Daimler recall 3 million diesel vehicles in Europe
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German automaker Daimler will voluntarily recall 3 million Mercedes-Benz brand cars with diesel engines in Europe to improve their emissions performance, the company said Tuesday in the wake of widespread public debate over the future of diesel.
The Stuttgart-based company said it was taking the step to reassure drivers and strengthen confidence in the technology.
Diesels have been under a cloud since Daimler's competitor Volkswagen admitted equipping vehicles with illegal software that meant they passed emissions tests, but then exceeded limits in everyday driving. There has been a push for diesel bans in some German cities because of concerns about levels of nitrogen oxide emitted by diesels.
"The public debate about diesel engines is creating uncertainty — especially for our customers," Daimler CEO Dieter Zetsche said.
He said in a statement that "we have therefore decided on additional measures to reassure drivers of diesel cars and to strengthen confidence in diesel technology."
The recall will cover nearly all vehicles made under the EU5 and EU6 emissions standards and will start in the next few weeks. The company said it would cost 220 million euros (NZ$345.75 million), but that customers wouldn't pay anything.
The recall expands a smaller, ongoing recall offered to owners of compact-class and Mercedes-Benz V-Class vehicles. It said the fix would involve a software update and would draw on knowledge gained through the development of the company's new family of diesel engines.
Mercedes has no plans to extend the action beyond Europe.
Daimler said in May that German investigators had searched its offices in connection with investigations of Daimler employees because of suspicion of fraud and criminal advertising relating to the possible manipulation of exhaust controls in cars with diesel engines. The company has said it is cooperating with the investigation.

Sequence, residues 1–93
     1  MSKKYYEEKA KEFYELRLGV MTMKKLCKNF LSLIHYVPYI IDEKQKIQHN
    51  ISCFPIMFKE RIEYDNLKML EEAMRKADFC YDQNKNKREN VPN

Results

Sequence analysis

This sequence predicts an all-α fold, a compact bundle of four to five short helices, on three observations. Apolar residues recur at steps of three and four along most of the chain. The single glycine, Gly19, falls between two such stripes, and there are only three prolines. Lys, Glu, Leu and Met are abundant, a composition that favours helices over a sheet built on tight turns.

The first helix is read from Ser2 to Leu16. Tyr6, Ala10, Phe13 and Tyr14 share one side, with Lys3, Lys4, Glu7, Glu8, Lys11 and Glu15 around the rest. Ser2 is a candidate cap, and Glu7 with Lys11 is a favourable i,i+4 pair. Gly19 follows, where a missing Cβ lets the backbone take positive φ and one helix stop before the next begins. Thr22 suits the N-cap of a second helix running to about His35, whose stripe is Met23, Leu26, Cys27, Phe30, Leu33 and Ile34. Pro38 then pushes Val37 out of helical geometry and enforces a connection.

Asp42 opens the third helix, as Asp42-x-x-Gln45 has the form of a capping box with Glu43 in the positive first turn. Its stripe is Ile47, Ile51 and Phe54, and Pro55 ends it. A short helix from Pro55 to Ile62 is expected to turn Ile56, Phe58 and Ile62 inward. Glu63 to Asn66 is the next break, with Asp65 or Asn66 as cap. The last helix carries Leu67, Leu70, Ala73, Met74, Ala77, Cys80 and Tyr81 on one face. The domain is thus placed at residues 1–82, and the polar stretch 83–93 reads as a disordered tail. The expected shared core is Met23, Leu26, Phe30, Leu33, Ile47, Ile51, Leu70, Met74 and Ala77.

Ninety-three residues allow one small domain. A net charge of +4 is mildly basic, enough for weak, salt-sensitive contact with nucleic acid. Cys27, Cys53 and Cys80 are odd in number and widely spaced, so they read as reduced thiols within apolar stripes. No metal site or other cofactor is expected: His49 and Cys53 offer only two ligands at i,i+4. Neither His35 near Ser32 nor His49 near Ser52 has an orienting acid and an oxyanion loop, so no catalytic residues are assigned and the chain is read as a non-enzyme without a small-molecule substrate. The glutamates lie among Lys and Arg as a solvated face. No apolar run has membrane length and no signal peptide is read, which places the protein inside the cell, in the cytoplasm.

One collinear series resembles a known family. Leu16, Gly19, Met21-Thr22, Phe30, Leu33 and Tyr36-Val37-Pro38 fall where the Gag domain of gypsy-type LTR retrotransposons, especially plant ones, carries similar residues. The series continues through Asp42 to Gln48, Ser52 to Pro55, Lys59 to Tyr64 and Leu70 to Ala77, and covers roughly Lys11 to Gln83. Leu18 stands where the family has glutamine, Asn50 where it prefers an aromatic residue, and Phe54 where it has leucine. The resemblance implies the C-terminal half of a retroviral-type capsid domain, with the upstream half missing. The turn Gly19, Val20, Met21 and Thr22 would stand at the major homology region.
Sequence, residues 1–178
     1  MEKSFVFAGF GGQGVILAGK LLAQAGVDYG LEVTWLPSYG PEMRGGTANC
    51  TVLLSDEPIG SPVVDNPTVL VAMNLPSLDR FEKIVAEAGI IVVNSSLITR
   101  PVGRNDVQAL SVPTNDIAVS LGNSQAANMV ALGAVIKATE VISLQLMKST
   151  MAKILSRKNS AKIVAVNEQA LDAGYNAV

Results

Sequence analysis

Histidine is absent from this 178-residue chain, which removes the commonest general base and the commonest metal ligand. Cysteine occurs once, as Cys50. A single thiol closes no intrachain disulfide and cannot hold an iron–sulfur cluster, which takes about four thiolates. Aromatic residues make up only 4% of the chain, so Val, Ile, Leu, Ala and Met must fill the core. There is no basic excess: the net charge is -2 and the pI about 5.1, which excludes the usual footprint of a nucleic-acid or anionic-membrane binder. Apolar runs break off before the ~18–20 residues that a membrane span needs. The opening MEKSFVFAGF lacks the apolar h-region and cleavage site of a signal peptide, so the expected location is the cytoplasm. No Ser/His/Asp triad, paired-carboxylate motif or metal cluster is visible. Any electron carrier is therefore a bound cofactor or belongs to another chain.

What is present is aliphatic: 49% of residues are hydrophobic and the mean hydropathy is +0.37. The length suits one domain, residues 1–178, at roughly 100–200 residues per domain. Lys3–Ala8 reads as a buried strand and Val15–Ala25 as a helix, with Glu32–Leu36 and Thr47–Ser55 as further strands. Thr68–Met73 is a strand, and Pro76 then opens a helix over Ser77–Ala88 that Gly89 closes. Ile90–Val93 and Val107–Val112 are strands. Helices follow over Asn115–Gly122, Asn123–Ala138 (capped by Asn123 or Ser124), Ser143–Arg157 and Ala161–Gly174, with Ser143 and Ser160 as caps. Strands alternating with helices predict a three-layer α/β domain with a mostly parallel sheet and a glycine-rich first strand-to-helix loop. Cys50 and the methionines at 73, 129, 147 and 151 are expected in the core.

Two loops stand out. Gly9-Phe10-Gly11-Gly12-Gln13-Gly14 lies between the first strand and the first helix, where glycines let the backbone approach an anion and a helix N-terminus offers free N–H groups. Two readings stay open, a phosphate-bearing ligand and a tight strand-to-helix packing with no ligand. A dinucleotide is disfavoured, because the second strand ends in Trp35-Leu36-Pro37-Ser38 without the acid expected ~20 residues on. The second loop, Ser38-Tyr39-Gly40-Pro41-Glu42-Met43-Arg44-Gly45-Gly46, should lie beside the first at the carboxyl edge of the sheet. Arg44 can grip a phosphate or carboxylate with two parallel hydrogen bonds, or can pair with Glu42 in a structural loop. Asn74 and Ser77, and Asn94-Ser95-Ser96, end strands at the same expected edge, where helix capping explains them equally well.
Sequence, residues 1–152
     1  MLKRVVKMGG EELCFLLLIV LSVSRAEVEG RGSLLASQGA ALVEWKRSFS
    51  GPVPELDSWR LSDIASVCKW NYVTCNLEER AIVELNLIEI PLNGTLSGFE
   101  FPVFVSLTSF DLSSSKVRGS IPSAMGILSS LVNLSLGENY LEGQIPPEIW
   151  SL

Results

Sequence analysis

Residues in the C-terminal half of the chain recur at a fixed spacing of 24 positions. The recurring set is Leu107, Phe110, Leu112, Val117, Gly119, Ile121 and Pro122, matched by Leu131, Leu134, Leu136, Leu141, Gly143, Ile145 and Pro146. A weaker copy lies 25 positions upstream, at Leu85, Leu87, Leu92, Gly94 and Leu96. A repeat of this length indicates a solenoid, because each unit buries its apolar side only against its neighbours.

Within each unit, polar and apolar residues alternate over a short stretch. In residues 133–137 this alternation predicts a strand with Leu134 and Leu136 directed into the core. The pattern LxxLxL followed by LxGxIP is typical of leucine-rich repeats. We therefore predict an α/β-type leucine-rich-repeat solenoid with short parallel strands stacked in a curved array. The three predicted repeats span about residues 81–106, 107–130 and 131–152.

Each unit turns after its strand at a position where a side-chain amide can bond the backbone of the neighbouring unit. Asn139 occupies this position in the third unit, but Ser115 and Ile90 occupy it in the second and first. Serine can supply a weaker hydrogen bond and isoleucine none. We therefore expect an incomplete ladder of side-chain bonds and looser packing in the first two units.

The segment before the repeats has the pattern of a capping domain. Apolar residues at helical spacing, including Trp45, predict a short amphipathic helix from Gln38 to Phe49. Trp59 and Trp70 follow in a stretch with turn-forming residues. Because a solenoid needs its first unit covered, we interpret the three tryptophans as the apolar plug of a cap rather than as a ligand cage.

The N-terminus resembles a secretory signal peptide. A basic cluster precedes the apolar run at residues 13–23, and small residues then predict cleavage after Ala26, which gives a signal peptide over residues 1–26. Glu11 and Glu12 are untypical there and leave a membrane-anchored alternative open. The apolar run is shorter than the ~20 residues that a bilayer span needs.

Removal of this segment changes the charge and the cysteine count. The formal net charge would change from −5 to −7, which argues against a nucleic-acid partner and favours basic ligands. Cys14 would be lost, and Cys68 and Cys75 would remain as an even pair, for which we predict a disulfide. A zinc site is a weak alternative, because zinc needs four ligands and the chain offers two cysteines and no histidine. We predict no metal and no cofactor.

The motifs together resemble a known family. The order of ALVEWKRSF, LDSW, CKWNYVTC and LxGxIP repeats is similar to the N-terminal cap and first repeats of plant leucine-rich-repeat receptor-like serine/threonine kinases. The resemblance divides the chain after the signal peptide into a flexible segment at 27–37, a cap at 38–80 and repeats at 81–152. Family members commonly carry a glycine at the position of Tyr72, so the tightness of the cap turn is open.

The company was also asked by the U.S. Justice Department in April of 2016 to conduct an internal probe into its exhaust emissions certification process. Mercedes spokesman Robert Moran in the U.S. said the internal investigation is ongoing. The company has stopped trying to get its diesel cars certified by the Environmental Protection Agency for use in the U.S., but continues to sell the 2017 model diesel Sprinter commercial vehicles. The Justice Department and EPA would not comment.
The Daimler announcement came hours after the regional government in the company's home region of Baden-Wuerttemburg agreed to abandon proposals to restrict diesels if older diesels could be fixed to pollute less, the dpa news agency reported.
The current debate over diesel was launched in September 2015 when the U.S. Environmental Protection Agency issued a notice of violation against Volkswagen. VW has said it used illegal engine-control software that detected when cars were on test stands. Emission controls were turned up during testing and turned down during regular driving.
About 11 million cars worldwide were equipped with the software. The company pleaded guilty in the U.S. to criminal charges, eight executives were charged, and it agreed to pay more than NZ$27.2 billion in criminal penalties and civil settlements.